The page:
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||IMDB Rating: 6.3/10 from 33 votes
||Release: 30 October 2013 (USA) /
||Genre: Documentary, Sport
||Director: Patrick Dahl,
||Synopsis: 17 Seconds' is a unique project that doesn't just document the Stanley Cup win, but tells the story from an inside vantage point, something not usually captured in sports films. The access and rapport the Banner Collective team has with the Blackhawks players and organization ultimately gives fans an intimate look into the thrill of a historic victory and the subsequent celebration. Written by Chicago Blackhawks
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17 Seconds is a favorable showcase of what wound up being an extremely
memorable year for the NHL when it looked like anything but. With the
NHL lockdown halting the season several months, resulting in half a
season of hockey, I was one of the many expecting a relatively lame,
rushed season. I certainty didn't expect to see my hometown team take
home the Stanley Cup for the second time in four years.
I'll be the first to admit I'm an on-off hockey fan who got into the
sport, admittedly, when Joel Quenneville took over the coaching
position of the Blackhawks in 2008. No longer did the Hawks seem to be
the mediocre, overlooked team they once were. They seemed more
polished, sneakier, and more breakneck thanks to Coach Q's coaching
techniques and the new line of players on the Hawks. I remember my
father would get dozens of free tickets for Blackhawk games from
business representatives. We went to maybe two games and threw the rest
away. Now, Blackhawks tickets - even for the standing room - are like
When I get the time, I'll tune into the Blackhawks game, always hoping
in the back of my mind the team wins and we can have at least one
Chicago team we can be proud of. But it wasn't until the playoffs that
I tried to make an effort to watch the games, sometimes inviting a
buddy over to join me. I was working the night of game six when the
Hawks played the Boston Bruins and was mopping prior to celebrating
their incredible win.
It wasn't long until I heard about Patrick Dahl's 17 Seconds, a
short-documentary that does an efficient job at creating a montage of
the celebration had by the team and the fans after this miraculous win.
The title refers to the conclusion of the final game in the
championship. The Bruins scored during the last few minutes, upping the
score 2-1 before the Hawks answered with a goal from Brian Bickell,
tying it again. When the game resumed, Dave Bolland scored again,
making it 3-2 Hawks with only a minute left in the game where the
Bruins were unable to respond. The two goals by Bickell and Bolland
happened within seventeen seconds of each other, grating the Hawks with
a nailbiting cut win - the second in four years.
17 Seconds shows the breathtaking conclusion of game six in Boston
along with the celebration the Hawks earned back home in Chicago and in
many of the players' specific hometowns. Dahl follows the team back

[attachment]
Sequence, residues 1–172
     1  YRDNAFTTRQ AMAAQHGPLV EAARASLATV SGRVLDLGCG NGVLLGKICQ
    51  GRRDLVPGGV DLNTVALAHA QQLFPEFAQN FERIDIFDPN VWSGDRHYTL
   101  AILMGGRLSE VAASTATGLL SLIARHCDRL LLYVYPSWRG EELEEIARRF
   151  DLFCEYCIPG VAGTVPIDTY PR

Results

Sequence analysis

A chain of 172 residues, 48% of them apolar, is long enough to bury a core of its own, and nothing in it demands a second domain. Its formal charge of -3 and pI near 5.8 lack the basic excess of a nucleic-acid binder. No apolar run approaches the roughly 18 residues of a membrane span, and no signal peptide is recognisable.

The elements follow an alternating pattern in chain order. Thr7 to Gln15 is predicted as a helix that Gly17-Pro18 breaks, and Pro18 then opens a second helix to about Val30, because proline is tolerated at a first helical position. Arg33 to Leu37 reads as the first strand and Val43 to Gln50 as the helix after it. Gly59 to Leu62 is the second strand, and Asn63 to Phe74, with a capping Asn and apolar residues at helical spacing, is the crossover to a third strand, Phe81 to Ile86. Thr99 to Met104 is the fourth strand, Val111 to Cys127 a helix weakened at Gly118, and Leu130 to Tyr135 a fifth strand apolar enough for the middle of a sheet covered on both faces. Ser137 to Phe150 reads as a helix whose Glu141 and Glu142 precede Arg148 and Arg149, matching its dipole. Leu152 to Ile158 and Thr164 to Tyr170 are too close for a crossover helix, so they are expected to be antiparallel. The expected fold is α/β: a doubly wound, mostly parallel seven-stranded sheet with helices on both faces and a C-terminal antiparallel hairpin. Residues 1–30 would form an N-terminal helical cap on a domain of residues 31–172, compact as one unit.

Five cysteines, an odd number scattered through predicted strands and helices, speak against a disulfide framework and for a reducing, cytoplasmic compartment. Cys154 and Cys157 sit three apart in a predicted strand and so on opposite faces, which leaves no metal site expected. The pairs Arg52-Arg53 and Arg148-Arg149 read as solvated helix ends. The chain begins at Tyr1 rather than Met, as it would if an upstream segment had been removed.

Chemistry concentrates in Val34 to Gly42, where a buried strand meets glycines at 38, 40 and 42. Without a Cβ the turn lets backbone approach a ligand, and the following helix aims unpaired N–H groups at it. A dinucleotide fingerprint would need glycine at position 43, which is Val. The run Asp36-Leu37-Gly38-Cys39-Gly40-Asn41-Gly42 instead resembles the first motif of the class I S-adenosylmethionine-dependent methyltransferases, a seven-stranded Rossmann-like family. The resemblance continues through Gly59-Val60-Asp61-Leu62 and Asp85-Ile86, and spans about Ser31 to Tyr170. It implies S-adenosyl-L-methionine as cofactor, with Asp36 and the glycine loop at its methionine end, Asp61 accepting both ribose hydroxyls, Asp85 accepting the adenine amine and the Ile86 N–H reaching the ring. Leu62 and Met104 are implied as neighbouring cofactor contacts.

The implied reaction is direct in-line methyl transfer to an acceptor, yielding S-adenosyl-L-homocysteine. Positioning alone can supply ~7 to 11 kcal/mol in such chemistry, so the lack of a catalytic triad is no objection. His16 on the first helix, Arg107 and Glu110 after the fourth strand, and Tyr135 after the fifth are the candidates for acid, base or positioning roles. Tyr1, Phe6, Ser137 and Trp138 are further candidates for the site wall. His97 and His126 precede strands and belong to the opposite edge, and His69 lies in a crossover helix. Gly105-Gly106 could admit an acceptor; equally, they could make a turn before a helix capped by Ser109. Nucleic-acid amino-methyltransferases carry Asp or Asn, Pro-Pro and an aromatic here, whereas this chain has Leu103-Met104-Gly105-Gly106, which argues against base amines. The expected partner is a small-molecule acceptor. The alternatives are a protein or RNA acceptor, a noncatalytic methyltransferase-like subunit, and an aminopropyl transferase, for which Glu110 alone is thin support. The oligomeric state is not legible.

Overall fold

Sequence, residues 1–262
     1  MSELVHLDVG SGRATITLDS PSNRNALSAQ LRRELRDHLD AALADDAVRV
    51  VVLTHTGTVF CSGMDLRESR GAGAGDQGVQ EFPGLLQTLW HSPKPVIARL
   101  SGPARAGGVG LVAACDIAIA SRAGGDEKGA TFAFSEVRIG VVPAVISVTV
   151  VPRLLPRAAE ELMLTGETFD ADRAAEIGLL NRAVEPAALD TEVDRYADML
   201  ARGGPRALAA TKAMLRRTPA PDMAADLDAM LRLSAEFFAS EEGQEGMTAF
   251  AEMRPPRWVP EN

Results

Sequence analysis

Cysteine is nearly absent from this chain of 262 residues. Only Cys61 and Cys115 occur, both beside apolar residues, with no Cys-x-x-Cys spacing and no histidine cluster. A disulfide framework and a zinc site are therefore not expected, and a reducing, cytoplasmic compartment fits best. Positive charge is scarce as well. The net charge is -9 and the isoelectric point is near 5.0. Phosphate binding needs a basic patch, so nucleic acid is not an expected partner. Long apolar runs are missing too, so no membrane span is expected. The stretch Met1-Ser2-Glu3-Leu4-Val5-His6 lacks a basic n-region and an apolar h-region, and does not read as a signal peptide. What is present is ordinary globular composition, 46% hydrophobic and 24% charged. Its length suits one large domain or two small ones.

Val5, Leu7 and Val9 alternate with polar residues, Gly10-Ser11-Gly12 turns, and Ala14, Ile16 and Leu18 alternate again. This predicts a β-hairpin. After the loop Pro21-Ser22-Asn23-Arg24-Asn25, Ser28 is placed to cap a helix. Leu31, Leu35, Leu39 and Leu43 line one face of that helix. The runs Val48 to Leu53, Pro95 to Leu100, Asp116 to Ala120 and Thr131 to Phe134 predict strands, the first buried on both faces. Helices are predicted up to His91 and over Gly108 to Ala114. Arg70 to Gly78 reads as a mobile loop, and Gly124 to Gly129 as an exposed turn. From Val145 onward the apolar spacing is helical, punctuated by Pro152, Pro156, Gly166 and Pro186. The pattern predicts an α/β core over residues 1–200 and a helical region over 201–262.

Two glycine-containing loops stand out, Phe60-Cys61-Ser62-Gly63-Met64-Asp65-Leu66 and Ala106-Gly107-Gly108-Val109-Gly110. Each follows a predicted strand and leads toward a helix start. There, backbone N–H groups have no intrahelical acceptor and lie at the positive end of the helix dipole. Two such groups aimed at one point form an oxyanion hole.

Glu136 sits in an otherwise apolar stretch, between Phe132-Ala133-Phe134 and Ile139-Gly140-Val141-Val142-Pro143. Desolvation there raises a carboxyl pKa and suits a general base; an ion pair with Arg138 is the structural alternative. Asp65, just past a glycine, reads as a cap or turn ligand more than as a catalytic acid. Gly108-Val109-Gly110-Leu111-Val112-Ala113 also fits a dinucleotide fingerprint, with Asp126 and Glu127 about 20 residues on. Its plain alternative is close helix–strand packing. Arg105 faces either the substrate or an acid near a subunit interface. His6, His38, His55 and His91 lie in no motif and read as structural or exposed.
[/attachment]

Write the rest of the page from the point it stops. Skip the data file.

home, where a parade in downtown Chicago was held to honor the team's
win. Chicago Mayor Rahm Emanuel states that 2.7 million people live in
the city and 2.5 million attended the parade. Of course, not everyone
in the city went to the parade, but many flocked from suburbs all over
Illinois. Think: almost the entire city of Chicago at one place, at one
time to support their hockey team. The allegiance and dedication is as
unfathomable as the team's win.
If anything, 17 Seconds should be viewed as a documentary that shows a
city experiencing unity after one big game. It was a day when people
came together to support and honor an incredible team (that started out
its series on a twenty-three game winning streak mind you). The film
shows just how seriously people take the sport of hockey in Chicago. I
couldn't help but recall last year's Stanley Cup finals where the Los
Angeles Kings were graced with the cup. Celebration in Los Angeles
consisted of, maybe, a large parking lot of Kings fans. Despite Los
Angeles being a humongous city like Chicago, their fanbase simply isn't
as large as Chicago's, nor does hockey seem to have the equal
prominence in Los Angeles that it does there either.
The last half hour shows how Hawk players like Duncan Keith, Patrick
Kane, Captain Jonathan Toews, Andrew Shaw, Patrick Sharp, and Bryan
Bickell spent their day with the cup in their hometown. Many had large
family get-togethers, some took it to the children's hospitals so those
less fortunate could take their mind off calamity for a little while,
but you can bet all took dozens of pictures of them and their families
hoisting, kissing, or posing with the cup in its glory.
17 Seconds is only fifty-three minutes and unfolds how most of us would
expect. There are no underlying themes to the film, no real
personalities develop when it comes to the players, an awful lot of
buzzwords used to describe the feeling of winning the Stanley Cup, and
so forth. The film isn't very surprising and unfolds like a highlight
reel of TV broadcasts from the day and the follow up days after the
Hawks won. However, even if you're not a Blackhawks fan, the film comes
giftwrapped in pride, unity, and happiness so much so that criticism of
any significant kind is difficult to dish out. The film is a nice
substitute for those NHL Stanley Cup Championship DVDs the NHL has
discontinued. But after witnessing Hawks fans celebrating, the city of
Chicago better brace themselves when the Chicago Cubs finally win.
Directed by: Patrick Dahl.
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